The issue of coronavirus testing is emerging as one of the “key problems” that could prevent football returning, with The Independent understanding that more and more club figures are getting uneasy about the idea of their squads undergoing full test programmes while the country goes short.
There is a newfound confidence that the Premier League will come back for 13 June, but that has naturally been complicated with plans now expected to become more concrete.
An essential part of the plan is for club squads and staff to be sequestered to isolated camps, to prevent them contracting the virus. This is where the issue of testing becomes most problematic.
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Implementing such plans would require full and regular testing of all staff and personnel at games, which would mean at least 200 per Premier League game, and around 2,000 for a full round of matches.
Right now, the UK government is only managing up to 29,000 tests a day, two days short of the 1 May date for which Health secretary Matt Hancock promised 100,000 a day. An increasing number of Premier League club officials are uneasy about the perception that would come from that, while some have more fundamental concerns about the base problem of private sector professionals conducting so many tests for entertainment, at a time when public services – and especially the health services – go short.
“How can they take tests away from the general public and key workers?” one figure involved in football privately asked.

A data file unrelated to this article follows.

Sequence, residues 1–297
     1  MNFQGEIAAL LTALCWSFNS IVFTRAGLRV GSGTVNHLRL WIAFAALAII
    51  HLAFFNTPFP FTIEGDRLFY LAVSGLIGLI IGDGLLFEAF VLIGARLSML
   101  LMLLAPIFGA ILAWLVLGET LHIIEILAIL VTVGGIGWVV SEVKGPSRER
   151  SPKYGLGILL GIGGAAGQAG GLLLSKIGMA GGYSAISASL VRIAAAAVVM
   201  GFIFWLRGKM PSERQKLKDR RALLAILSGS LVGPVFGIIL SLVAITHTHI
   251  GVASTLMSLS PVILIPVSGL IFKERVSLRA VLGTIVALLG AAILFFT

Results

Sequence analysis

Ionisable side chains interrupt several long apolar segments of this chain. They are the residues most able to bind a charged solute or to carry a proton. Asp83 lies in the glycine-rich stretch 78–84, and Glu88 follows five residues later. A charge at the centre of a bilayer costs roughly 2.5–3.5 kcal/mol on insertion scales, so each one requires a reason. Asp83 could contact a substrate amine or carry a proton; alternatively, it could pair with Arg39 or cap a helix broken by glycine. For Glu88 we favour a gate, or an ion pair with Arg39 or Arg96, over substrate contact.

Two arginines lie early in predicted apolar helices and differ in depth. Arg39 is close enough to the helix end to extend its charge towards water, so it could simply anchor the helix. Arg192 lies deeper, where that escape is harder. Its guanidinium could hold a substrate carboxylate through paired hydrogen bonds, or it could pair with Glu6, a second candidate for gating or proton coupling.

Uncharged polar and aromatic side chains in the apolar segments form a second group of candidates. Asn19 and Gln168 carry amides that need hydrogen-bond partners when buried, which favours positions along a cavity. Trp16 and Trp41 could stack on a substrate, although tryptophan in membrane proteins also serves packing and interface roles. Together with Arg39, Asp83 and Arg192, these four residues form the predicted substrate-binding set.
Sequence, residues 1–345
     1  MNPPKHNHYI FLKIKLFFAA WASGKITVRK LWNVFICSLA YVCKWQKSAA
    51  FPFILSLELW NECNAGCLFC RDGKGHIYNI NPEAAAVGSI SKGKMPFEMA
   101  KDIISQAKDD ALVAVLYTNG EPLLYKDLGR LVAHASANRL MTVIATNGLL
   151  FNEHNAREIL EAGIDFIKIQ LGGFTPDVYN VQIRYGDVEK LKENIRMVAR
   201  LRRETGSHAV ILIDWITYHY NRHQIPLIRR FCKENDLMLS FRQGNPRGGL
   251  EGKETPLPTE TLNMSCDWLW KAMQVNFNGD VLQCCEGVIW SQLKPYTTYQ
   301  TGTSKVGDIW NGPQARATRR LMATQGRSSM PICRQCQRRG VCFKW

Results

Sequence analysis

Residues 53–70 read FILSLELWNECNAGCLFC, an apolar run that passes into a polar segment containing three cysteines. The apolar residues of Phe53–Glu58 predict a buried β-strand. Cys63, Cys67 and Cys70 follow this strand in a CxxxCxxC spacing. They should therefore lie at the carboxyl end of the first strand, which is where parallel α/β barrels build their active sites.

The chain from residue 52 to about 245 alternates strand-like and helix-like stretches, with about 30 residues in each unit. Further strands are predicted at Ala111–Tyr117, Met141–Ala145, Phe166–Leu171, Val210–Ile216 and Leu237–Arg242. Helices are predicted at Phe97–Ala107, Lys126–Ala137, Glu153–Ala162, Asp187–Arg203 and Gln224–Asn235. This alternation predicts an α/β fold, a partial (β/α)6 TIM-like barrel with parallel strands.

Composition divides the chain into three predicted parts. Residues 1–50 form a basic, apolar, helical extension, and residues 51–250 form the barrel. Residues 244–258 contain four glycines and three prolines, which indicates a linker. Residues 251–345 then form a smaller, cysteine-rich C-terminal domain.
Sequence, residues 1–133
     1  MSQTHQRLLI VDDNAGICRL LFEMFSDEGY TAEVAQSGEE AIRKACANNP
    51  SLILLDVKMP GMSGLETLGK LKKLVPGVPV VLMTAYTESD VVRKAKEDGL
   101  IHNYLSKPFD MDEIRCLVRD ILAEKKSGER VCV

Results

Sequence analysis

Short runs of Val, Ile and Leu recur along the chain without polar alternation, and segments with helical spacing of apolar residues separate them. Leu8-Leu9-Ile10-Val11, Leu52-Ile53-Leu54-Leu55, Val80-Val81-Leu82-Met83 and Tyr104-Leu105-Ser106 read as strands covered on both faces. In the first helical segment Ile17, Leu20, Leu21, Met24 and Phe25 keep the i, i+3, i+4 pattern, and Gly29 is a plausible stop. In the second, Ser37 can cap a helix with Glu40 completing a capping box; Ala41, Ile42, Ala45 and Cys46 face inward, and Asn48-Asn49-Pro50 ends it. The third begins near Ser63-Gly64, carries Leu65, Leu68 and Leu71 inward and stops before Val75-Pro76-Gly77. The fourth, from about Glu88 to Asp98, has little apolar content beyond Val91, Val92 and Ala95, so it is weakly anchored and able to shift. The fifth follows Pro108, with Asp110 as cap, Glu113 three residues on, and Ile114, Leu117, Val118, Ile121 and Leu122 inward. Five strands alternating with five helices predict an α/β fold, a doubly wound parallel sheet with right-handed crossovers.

Much of that naturally comes down to finances, and the fact the Premier League clubs – just like the PGA in golf – can simply afford more, but one source complained that this is “just throwing money at a problem that isn’t about money”.
On the other side, though, some are appealing for calm and reminding that the situation as regards testing could look very different by the time football resumes. They believe the Premier League approach remains easily workable, and feasible, and that it will be palatable to the pubic in a few weeks time.
A problem that has recurred throughout this postponement for football is that so may want solutions for “right now”, and the current situation, when it is still too early to make real decisions. As such, any planning is based on provisional circumstances down the line.
It is set to be another issue discussed at Friday’s next Premier League meeting.